SOMERS, N.Y. – Pets and their owners congregated at St. Luke’s Episcopal Church on Sunday afternoon for an ecumenical blessing of the animals.
The event, which began with a parade from Firemen’s Field, entailed a brief service after which members of the clergy blessed a gaggle of cats, dogs and other furry friends.
According to the service program, this ceremony is not frivolous, as some might think, but meaningful. It represents one of the very tenets of the Christian church: God’s love for all creation.
"We hold this service because animals and pets are important to people, especially children, which we adults once were,” it reads. “The church says that what is important to children is also important to the church. By blessing our pets this afternoon, we demonstrate God's love for all creation.”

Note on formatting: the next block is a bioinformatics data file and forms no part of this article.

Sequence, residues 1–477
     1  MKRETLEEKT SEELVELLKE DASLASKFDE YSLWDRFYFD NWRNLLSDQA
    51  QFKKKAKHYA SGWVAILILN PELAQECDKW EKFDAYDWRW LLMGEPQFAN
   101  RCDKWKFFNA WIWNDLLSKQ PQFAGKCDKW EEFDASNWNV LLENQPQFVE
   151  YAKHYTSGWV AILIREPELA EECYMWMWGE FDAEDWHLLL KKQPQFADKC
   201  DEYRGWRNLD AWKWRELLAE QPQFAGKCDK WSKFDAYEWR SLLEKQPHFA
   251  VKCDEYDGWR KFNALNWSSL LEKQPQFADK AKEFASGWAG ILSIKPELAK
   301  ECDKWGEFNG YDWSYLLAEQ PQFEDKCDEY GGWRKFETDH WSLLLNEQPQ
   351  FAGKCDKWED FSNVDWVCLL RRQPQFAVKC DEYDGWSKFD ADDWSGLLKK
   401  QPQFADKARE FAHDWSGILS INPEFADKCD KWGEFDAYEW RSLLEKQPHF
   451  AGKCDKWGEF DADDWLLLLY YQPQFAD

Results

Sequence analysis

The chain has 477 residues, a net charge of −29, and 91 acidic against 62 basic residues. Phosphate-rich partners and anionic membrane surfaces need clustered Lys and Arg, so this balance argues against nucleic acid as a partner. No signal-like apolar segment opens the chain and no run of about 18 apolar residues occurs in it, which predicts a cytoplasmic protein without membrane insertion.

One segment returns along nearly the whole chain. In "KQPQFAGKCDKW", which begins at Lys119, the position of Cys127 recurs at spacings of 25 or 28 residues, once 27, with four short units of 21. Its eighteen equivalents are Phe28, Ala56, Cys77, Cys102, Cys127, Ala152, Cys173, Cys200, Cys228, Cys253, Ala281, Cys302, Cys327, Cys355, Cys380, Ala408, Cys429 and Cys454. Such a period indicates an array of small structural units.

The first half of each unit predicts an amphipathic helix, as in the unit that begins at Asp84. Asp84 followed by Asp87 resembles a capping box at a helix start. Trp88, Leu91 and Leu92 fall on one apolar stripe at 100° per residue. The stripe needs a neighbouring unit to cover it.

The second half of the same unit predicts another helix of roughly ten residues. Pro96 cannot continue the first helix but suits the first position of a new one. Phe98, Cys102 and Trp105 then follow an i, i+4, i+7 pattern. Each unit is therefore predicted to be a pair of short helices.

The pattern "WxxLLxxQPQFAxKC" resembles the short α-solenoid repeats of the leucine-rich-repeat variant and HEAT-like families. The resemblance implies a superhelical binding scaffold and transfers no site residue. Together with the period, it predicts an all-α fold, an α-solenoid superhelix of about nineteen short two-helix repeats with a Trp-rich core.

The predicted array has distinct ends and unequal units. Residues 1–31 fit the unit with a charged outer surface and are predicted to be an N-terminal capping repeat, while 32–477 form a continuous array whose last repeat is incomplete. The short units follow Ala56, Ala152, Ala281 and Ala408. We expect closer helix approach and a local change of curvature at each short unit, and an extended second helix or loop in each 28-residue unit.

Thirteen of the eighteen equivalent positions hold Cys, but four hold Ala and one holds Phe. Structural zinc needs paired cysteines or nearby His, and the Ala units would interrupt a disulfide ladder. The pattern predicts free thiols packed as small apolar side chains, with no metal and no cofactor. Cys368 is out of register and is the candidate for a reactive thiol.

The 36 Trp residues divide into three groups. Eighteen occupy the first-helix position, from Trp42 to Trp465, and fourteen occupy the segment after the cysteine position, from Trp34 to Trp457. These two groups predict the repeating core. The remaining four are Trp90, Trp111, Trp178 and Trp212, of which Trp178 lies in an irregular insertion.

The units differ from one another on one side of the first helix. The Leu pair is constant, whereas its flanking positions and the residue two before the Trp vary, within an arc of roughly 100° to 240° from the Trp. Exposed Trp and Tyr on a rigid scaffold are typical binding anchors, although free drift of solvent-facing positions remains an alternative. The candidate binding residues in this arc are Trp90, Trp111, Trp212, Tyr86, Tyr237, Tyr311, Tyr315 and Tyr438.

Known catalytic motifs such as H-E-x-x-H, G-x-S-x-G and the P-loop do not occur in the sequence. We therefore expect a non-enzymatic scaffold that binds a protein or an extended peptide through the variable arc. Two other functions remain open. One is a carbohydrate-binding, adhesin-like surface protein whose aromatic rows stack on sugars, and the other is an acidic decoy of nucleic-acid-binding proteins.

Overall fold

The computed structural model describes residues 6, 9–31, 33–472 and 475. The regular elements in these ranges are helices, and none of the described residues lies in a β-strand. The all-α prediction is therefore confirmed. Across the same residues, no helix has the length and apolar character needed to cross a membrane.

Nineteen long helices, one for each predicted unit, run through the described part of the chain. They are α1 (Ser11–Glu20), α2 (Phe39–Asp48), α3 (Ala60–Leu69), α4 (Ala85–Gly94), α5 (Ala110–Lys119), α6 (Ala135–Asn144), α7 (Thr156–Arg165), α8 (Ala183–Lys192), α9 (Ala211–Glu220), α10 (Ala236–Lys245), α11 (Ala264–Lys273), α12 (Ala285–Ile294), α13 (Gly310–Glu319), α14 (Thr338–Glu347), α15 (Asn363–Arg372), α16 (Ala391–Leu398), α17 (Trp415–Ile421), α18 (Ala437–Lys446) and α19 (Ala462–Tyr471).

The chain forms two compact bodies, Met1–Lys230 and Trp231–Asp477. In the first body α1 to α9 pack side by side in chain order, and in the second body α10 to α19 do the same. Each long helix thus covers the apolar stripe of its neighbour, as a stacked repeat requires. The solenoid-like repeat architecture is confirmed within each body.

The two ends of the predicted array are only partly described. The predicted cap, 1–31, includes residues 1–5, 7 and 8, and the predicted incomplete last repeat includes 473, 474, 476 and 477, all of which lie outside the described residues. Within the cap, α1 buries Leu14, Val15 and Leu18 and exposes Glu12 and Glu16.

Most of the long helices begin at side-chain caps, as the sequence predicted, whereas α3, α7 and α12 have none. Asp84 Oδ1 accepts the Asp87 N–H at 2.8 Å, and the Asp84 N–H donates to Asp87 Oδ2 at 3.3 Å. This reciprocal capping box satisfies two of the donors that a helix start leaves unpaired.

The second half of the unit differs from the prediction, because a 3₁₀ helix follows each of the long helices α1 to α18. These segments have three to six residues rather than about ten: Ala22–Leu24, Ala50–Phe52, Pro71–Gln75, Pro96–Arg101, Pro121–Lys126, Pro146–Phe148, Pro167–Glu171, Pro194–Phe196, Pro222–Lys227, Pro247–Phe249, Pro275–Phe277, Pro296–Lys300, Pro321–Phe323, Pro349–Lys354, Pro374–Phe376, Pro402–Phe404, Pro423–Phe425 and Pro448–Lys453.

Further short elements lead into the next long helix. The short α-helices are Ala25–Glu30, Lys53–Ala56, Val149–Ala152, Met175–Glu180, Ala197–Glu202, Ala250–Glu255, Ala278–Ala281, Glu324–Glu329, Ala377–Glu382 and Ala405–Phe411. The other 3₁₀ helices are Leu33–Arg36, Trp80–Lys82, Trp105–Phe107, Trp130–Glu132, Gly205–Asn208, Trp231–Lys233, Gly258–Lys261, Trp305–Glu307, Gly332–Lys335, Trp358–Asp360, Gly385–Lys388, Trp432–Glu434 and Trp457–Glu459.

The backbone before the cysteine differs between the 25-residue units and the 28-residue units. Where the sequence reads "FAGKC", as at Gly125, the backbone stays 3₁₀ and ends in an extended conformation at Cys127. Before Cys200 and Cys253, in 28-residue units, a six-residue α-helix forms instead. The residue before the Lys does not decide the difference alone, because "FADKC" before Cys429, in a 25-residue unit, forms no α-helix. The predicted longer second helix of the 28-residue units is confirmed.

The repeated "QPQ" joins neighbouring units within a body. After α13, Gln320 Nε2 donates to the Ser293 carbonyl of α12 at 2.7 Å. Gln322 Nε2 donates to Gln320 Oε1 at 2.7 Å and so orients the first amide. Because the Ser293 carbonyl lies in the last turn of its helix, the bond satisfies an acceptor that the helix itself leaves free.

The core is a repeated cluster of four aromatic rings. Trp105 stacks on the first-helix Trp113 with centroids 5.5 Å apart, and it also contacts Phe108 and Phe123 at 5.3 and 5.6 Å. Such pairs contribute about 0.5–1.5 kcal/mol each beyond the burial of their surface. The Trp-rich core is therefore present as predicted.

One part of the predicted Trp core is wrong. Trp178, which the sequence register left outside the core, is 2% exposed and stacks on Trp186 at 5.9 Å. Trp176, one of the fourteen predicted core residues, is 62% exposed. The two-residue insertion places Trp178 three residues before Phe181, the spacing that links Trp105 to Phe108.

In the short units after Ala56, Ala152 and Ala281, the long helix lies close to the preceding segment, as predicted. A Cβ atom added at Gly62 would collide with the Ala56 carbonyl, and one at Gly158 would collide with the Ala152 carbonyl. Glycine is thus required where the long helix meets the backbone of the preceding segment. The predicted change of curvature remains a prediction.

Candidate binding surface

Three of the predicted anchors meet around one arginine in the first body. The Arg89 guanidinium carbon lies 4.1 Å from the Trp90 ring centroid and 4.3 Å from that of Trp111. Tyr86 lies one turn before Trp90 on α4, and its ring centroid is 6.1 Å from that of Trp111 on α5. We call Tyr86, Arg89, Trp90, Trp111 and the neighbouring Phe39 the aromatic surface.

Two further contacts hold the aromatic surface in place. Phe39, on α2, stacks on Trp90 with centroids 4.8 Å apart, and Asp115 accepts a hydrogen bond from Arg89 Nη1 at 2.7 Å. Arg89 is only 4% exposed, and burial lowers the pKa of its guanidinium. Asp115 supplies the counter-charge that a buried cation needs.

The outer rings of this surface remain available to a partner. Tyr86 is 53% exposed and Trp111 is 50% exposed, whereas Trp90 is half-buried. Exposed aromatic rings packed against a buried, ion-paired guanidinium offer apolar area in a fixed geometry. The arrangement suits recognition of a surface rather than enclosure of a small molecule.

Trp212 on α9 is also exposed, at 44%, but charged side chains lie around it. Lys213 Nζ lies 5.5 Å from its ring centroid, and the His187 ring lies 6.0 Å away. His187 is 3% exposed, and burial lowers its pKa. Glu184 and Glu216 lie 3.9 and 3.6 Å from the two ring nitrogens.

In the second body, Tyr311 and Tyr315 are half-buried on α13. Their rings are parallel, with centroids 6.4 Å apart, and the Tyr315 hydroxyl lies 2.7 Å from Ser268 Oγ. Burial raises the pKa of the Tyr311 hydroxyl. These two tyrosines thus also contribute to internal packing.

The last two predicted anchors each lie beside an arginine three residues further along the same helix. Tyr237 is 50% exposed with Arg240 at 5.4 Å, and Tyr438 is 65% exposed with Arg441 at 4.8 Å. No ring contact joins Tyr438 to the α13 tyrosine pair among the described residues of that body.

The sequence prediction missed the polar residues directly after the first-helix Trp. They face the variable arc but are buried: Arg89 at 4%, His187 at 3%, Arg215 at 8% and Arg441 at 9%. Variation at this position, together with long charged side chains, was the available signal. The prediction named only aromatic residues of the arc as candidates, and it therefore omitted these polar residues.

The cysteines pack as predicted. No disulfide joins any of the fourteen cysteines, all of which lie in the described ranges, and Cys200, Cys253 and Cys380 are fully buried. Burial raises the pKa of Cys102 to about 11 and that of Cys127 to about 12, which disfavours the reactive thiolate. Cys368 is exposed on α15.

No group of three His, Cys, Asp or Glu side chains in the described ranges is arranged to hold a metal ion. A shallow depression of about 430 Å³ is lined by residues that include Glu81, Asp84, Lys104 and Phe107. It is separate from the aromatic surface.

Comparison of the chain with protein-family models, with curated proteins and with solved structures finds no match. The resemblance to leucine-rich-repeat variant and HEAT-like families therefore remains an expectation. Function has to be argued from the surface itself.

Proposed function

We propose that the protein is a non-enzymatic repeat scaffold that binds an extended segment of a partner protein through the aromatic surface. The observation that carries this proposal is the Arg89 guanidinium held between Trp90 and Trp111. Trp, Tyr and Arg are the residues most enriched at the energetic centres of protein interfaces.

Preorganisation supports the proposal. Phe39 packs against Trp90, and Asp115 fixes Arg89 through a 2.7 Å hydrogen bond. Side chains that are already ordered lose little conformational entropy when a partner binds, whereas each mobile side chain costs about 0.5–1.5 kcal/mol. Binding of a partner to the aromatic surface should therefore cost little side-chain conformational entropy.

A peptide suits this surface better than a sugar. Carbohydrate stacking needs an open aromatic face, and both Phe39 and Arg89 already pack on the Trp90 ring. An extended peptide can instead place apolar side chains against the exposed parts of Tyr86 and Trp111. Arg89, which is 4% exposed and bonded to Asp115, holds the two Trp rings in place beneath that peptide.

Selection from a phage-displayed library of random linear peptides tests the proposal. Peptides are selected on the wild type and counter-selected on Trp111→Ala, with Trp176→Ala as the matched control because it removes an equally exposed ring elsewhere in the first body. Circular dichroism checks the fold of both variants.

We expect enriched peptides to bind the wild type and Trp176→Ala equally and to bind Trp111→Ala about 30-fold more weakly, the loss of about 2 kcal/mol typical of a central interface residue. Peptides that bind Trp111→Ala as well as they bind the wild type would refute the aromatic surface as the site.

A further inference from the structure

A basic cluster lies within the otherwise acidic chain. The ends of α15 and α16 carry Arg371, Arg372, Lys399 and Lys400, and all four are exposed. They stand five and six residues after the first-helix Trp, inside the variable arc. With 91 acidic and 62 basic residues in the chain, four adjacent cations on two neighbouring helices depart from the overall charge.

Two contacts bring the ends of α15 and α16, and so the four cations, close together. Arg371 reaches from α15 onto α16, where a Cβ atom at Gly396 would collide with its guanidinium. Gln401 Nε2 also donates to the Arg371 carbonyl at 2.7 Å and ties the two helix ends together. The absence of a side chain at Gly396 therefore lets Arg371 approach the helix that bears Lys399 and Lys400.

Somers resident Linda Marano brought Penny, her 17-year-old mixed-breed pup, to receive a blessing for the first time. Penny is getting on in years and lost her hearing a few years ago, Marano said, but she was still able to make it a good distance to the church for the ceremony.
”It’s a long walk for her age,” she said. Marano said she rescued Penny and one of her puppies 14 years ago from a farm, where the two were living in very poor conditions. The dogs were tied up 24/7, she said, and “they were basically starving.”
St. Luke’s Rev. Sanford A. Key and other clergymen said a short prayer over each animal, as pet owners lined up with their charges: “May God’s blessing be upon you and may you flourish in the care and joy of those whose lives you share.”
Sunday’s ceremony also featured some unusual animals beyond the typical roster of cats, dogs and rabbits.
Somers resident Will Wiegelman, 12, brought Tantongue, a corn snake, and his father Bill brought White Snake (“like the band,” he said), an albino king snake. “They’re very docile,” said Bill Wiegelman. The Blessing of the Animals service was the snakes’ first trip out in public.